Revelation 3:9 “I will make them come and fall down at your feet and acknowledge that I have loved you.”
“Do you think Jesus loves you?” The answer to that question makes all the difference in the way we perceive our lives.
“Do you think Jesus loves you?” Isn’t our inability to say “yes” the reason we find sin so appealing? The question was implied in the very first temptation when Satan told Eve, “For God knows that when you eat of it your eyes will be opened, and you will be like God, knowing good and evil.” “God is holding out on you! He is keeping you down! He is spoiling your fun! He doesn’t love you!” As long as we aren’t sure that Jesus loves us, we will not be sure his commandments are meant for our good. We won’t be able to see the sense in sacrificing our immediate gratification for a code of conduct we find difficult to understand. People turn to alcohol and drugs because they aren’t sure Jesus loves them. People “hook up” sexually with those to whom they are not married because they aren’t sure Jesus loves them. People bail out of their marriages, rebel against their parents, and lie their way out of trouble because they aren’t sure Jesus loves them. If they were sure Jesus loves them, they would trust him when he tells them what they’re doing is hurtful and wrong.
“Do you think Jesus loves you?” Isn’t our uncertainty the reason we find our present circumstances so hard to bear? We instinctively believe that good times are a sign of God’s favor, and that hard times are evidence he doesn’t care anymore. But the Bible teaches us the opposite is often true. Experience should teach us this as well. Almost everything good God ever did for his people came out of hardship, difficulty, and suffering. Abraham, Joseph, Moses, David, Jonah, Daniel, Paul, and many others all learned this lesson by personal experience. They persevered because they knew Jesus loved them. When that is our conviction, then we know that our present sufferings are not worth comparing with the glory that will be revealed in us (Romans 8:18). Then we can declare that if God is for us, who can be against us? He who did not spare his own Son, but gave him up for us all—how will he not also, along with him, graciously give us all things? (Romans 8:31-32). Then we can be assured that after we have suffered a little while, the God of all grace will himself restore us and make us strong, firm, and steadfast (1 Peter 5:10).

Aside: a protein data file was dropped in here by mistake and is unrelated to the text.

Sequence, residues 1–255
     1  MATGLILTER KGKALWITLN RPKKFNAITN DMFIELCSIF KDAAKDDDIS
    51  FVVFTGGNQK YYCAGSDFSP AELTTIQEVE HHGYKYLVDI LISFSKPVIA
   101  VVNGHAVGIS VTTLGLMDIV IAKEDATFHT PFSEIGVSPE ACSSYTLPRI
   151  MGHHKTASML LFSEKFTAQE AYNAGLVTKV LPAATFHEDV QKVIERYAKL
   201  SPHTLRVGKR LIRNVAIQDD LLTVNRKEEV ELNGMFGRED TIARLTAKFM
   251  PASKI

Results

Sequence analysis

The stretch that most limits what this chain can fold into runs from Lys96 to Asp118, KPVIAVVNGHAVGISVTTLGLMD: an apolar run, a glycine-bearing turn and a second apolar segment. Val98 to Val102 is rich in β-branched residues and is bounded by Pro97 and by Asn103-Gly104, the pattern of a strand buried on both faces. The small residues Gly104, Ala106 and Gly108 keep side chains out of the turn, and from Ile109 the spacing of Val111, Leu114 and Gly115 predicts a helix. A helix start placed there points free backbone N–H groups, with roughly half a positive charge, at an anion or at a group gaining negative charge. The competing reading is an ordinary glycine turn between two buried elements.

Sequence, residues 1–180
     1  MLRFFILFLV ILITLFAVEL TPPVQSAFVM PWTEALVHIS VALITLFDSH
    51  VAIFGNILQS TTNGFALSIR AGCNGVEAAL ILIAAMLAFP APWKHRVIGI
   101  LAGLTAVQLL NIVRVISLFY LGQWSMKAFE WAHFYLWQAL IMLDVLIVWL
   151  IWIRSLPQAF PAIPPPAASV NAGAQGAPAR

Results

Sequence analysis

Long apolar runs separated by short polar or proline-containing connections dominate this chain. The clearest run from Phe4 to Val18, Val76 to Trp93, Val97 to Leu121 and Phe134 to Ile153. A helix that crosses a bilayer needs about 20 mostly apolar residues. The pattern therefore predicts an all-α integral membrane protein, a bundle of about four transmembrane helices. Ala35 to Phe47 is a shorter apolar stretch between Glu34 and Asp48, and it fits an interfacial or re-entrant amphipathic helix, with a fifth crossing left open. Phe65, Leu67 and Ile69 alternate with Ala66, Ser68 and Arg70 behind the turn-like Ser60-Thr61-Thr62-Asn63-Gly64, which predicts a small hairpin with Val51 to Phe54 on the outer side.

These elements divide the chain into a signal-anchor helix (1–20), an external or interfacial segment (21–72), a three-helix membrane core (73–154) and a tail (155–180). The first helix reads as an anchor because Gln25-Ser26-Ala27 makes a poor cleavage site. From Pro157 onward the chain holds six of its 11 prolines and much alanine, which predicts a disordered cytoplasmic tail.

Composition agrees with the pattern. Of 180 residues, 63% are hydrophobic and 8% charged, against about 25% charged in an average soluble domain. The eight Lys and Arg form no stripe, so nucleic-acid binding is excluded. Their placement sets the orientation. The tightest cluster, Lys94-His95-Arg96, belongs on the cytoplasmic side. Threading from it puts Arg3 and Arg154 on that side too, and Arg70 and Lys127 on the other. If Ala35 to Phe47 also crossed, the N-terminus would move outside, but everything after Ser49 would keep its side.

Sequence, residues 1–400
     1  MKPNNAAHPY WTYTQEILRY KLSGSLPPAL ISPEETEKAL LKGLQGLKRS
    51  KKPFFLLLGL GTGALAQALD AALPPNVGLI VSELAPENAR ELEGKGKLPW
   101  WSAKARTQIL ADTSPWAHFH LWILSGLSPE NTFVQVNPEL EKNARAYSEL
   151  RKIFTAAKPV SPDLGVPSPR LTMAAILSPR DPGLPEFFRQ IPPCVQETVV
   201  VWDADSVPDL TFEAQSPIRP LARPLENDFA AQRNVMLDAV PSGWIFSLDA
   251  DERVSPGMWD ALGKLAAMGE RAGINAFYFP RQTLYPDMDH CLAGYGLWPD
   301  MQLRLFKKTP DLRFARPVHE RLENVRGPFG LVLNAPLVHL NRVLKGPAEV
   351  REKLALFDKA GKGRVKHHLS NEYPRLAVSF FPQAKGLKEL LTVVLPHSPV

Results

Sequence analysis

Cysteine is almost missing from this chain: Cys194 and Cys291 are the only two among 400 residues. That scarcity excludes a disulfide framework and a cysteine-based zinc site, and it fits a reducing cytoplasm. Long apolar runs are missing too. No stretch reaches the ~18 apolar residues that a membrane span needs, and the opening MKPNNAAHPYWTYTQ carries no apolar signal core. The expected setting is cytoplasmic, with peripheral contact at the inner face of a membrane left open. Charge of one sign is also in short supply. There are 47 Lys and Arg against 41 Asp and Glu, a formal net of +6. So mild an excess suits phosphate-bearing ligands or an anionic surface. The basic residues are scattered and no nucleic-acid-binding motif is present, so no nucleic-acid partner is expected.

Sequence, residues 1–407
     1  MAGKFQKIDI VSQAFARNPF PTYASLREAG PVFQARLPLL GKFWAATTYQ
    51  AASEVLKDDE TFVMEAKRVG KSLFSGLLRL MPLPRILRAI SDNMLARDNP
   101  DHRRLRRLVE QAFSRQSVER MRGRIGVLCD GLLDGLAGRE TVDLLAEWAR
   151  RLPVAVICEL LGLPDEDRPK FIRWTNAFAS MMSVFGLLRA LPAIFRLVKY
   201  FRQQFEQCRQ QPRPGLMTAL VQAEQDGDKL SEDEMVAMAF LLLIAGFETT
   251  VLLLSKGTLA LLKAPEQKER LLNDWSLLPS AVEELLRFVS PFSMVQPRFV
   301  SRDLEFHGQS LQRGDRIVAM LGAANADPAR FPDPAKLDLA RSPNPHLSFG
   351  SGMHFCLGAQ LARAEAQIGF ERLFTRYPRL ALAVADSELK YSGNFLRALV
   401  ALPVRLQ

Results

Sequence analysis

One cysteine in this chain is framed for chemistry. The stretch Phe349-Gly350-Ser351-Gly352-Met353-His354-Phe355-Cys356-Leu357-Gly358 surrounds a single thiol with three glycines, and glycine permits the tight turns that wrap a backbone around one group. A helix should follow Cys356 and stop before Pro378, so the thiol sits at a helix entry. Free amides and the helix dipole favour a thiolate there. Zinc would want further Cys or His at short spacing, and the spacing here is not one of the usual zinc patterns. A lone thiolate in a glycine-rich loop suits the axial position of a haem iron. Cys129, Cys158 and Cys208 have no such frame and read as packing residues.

“Do you think Jesus loves you?” Isn’t our doubt the reason we fear what the future holds? Our fear and uncertainty paralyze us. We convince ourselves we are doomed. We are afraid to move ahead. But if Jesus loves us, will he really stand idly by while our world crumbles and we are lost? Paul once confessed, “The Lord will rescue me from every evil attack and bring me safely to his heavenly kingdom” (2 Timothy 4:18). Not even the future can separate us from the love of God that is in Christ Jesus our Lord.
“Do you think Jesus loves you?” The purpose for asking is not to cast doubt on the fact. It is to remind us of a truth most of us have known for a long, long time. Yes, Jesus loves me. The Bible tells me so. Greater love has no one than this, that he lay down his life for his friends. In his death for our forgiveness we begin “to grasp how wide and long and high and deep is the love of Christ” (Ephesians 3:18). That gives us courage to live his way now, and certainty we will live in his home forever. Then, he promises, even our enemies will have to “acknowledge that I have loved you.”